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23 Mar, 2022 10:44

German state agency reveals how gas shortage affects public life

The sudden drop in supplies will hit every crucial service, from hospitals to police
German state agency reveals how gas shortage affects public life

A 2018 stress test run by the German civil defense agency, the BBK, found that all crucial services will be impacted by a gas supply shortage. Newspaper Die Welt revisited the exercise on Tuesday amid calls for Berlin to stop purchasing energy from Russia as part of sanctions in response to Moscow's ongoing military campaign against Ukraine.

The two-day crisis management exercise Lukex 18, which involved several states in southern Germany, found that the shortage of gas supply will have “a drastic effect on public life,” including the closure of public and private facilities.

The disruption of supply will also lead to “far-reaching, difficult-to-predict consequences for the service sector and the production of goods,” according to the BBK.

The BBK warned of personnel shortages because people will be unable to drop their children off at daycare centers, while hospitals and retirement homes may have trouble preparing meals.

“Likewise, a high number of illnesses related to the cold are to be expected,” the agency said, adding that it will also lead to staff shortages in government departments, police, and civil protection services.

The agency also said that during prolonged cold some people, especially those living in cities, might resort to keeping themselves warm by using fireplaces at home, or building makeshift fireplaces, which will lead to a spike in fires.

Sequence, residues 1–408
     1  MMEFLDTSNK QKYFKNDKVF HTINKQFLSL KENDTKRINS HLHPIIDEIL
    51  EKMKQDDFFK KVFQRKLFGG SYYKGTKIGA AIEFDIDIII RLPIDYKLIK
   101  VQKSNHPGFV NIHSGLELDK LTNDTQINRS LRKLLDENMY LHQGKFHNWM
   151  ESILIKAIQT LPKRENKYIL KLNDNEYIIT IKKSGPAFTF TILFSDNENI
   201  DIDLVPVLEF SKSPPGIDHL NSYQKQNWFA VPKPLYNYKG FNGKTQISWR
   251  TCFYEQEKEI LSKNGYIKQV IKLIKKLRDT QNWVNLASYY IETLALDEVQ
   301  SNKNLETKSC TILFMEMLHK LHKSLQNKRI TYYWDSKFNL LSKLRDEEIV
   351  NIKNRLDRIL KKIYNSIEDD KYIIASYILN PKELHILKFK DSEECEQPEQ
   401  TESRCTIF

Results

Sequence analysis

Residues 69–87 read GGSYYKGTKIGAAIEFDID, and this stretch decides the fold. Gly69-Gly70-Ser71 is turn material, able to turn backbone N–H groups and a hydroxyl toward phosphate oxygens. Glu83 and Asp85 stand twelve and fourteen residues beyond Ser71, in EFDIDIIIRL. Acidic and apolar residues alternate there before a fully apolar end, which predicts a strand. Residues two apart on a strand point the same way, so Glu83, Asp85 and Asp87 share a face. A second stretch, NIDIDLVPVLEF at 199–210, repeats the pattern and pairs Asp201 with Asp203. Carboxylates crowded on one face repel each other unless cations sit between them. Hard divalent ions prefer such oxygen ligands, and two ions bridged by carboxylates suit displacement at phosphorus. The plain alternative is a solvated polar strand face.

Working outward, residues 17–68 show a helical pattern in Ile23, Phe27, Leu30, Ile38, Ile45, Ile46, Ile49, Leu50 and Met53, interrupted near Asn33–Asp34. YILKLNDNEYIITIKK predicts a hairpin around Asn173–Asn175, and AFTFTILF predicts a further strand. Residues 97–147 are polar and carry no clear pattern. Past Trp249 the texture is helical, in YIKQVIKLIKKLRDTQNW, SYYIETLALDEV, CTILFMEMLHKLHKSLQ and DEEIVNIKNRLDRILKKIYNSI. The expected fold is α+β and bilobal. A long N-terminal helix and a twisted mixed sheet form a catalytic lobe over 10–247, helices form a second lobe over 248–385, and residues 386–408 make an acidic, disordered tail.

In a video released on Monday, Ukrainian President Volodymyr Zelensky, once again, asked Germany to stop buying energy from Russia. Some German politicians share the urgency. “I think it'll be tough, but doable, and that's why we should do it. But instead, the economy minister is spreading catastrophic scenarios,” Norbert Roettgen, an MP, told reporters last week.

Berlin agreed to look for alternative suppliers and reached a deal to get liquefied natural gas from Qatar this week. However, the country has been hesitant to do away with Russian oil and gas just yet.

Economy Minister Robert Habeck warned last week that Germany will see more unemployment and poverty if it immediately pulls the plug on Russian gas. “If we do not obtain more gas next winter and if deliveries from Russia were to be cut, then we would not have enough gas to heat all our houses and keep all our industry going,” Habeck said on Monday.

Chancellor Olaf Scholz reiterated on Tuesday that sanctions were “the right approach,” emphasizing that they also must be “bearable in terms of the repercussions for the development of the national economy.”

US President Joe Biden will meet European leaders in Brussels on Thursday, as the White House prepares to unveil new sanctions, Jake Sullivan, the US national security adviser, said. Washington banned imports of Russian energy this month, and has been long pressuring states like Germany to do the same.

Moscow attacked its neighbor in late February, following a seven-year standoff over Ukraine’s failure to implement the terms of the Minsk agreements, and Russia’s eventual recognition of the Donbass republics in Donetsk and Lugansk. The German- and French-brokered protocols had been designed to regularize the status of those regions within the Ukrainian state.

Russia has demanded that Ukraine officially declare itself a neutral country that will never join the US-led NATO military bloc. Kiev insists the Russian offensive was completely unprovoked, denying claims it was planning to retake the two republics by force.

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